She said in an interview that Shoemake’s sister-in-law, identified as Dina Green, apologized earlier for having provided information that  allowed him to avoid prosecution.

“She called to apologize. She was sorry about Duanne finding out,” said the  mother of the victim.

Green reportedly had been cooperating with police, who at one point tapped  her phones in an attempt to build a case against Heneby. But, Green apparently had credibility problems herself and her account of Heneby’s confession was not deemed strong enough to stand up in court.

The mother confronted police about why they traded away a child molestation  case for a third-hand tip about a purported confession.

At that meeting, Pittsburg police defended their deal with Shoemake, saying he had helped them  make an arrest.

“Basically, they told me there was an arrest made and that was good enough,”  said the mother of the molestation victim. “But what he told them obviously did  not stick an arrest.”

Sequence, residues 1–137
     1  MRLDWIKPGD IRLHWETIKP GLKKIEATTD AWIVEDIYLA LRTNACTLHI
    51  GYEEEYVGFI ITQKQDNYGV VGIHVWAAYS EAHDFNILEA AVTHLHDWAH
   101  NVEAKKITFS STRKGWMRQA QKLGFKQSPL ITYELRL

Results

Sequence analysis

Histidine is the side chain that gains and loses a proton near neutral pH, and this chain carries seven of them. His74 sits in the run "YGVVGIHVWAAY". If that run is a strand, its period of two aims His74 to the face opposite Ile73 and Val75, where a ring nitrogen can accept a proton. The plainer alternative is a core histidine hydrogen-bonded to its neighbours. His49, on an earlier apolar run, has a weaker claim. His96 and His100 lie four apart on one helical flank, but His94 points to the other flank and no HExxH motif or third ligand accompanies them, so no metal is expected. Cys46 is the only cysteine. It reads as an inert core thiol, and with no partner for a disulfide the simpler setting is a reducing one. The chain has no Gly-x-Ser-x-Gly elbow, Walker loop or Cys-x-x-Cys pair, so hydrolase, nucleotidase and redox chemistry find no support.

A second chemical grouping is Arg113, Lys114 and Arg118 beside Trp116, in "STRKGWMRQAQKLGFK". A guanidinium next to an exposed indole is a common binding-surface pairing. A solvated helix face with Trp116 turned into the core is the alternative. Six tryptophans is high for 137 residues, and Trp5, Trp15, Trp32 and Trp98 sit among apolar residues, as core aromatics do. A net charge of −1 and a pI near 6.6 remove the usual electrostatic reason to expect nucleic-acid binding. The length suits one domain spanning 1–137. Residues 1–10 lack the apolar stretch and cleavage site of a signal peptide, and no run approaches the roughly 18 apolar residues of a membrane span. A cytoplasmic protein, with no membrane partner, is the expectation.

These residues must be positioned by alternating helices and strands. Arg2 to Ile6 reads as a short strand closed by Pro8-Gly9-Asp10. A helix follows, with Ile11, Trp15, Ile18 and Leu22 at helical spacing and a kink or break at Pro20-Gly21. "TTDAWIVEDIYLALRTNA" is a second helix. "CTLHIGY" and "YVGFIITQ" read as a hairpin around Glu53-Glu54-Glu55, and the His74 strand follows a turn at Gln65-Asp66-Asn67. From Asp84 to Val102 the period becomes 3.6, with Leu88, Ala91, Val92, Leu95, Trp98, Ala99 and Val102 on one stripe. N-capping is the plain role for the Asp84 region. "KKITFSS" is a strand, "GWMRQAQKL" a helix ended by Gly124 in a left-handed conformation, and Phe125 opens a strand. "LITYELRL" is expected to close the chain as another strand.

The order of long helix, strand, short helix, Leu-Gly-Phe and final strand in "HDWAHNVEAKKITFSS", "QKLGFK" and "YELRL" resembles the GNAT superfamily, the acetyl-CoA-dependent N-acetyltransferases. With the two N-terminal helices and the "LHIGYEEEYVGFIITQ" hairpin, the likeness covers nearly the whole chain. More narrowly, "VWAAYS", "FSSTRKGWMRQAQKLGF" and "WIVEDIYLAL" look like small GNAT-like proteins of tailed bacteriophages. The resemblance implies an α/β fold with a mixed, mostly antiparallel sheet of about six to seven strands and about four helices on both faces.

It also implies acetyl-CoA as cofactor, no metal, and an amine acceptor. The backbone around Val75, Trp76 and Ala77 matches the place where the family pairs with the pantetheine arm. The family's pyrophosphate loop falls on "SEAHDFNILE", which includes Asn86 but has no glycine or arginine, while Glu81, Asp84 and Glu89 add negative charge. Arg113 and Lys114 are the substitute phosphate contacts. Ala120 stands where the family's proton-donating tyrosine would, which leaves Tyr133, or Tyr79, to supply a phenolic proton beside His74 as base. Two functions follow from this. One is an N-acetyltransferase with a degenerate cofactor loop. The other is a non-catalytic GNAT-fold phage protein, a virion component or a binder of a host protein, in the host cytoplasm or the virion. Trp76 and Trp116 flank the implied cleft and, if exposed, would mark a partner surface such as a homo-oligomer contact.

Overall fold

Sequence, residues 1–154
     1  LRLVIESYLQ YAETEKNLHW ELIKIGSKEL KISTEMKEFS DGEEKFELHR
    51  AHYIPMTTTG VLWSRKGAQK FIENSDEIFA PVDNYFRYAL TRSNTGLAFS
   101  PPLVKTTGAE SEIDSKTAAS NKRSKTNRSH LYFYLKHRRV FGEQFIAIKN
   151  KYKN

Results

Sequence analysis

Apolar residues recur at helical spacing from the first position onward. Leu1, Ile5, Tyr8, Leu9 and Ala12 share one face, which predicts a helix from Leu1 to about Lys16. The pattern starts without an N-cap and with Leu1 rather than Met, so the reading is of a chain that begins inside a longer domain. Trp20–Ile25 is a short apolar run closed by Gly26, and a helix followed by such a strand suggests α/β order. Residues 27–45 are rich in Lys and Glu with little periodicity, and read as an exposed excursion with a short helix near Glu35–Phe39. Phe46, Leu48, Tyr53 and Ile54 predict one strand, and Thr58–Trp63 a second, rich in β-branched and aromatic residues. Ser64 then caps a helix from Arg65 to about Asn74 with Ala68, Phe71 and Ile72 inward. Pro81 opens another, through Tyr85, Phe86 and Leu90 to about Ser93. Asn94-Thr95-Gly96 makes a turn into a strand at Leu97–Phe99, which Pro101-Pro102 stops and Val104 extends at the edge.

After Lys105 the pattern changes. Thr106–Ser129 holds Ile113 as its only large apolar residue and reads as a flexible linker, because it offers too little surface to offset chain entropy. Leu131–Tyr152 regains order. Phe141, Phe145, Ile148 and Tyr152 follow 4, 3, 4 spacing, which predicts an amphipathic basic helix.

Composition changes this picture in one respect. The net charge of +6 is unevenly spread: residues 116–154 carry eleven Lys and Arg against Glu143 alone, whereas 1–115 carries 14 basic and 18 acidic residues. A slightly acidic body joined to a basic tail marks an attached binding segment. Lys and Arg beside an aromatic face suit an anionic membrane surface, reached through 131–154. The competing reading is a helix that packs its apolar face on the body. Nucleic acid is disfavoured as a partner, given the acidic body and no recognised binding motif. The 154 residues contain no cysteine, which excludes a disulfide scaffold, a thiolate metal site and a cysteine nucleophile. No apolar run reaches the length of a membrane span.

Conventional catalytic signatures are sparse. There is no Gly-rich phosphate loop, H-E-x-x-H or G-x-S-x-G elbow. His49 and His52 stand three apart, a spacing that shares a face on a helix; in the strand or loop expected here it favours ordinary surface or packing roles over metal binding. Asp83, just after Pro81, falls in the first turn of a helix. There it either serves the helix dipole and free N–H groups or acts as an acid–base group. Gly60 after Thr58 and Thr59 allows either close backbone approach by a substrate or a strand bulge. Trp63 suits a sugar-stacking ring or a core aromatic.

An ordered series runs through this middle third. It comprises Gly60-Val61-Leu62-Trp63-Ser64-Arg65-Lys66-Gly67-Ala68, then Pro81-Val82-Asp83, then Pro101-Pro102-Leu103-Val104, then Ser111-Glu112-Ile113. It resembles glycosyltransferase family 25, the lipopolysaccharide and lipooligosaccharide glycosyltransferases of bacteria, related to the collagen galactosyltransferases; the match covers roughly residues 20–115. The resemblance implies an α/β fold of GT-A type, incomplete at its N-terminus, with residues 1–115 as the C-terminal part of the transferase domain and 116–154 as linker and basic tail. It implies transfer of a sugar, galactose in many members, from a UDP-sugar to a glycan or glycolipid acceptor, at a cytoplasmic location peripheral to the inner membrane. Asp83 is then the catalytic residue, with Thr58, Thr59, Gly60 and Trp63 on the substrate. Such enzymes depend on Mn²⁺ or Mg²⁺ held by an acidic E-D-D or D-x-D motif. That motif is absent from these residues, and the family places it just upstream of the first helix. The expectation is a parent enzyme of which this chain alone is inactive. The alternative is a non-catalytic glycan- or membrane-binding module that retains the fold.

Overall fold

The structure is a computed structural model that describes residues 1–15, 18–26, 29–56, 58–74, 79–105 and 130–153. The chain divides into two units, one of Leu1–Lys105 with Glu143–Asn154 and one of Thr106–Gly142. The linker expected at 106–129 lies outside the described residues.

Larry Cook, a lawyer representing the woman in her lawsuit against Shoemake, said  police “gave up very serious sex crimes charges for apparently nothing.” “The continued victimization of these girls is the fact that no arrest (in  the Norrell case) has been made, and law enforcement is unwilling to come  forward to account for their actions,” Cook said.

Heneby, 25, has since been convicted on unrelated assault charges and had served a six-year prison term.

Pittsburg police continue to investigate Lisa Norrell’s unsolved murder and despite receiving new, unspecified information years after from the Bay area and beyond, the case remains cold.

Meanwhile, Lisa’s mother, Minnie Norrell, continues to trust that authorities will bring her daughter’s  killer to justice one day. She had started a charity called ‘Lisa’s Closet’ to help  provide low-income families with clothing. And she has kept flowers, candles and  a picture of her daughter as a shrine to Lisa in front of her Pittsburg home.

“This memorial will stay here until the police find my daughter’s killer,”  Norrell said last month. “Only then will I take it down.”

Asked if he thought Lisa’s case would be solved, Zbacnik said, “We always  believe that. Homicides never go away.”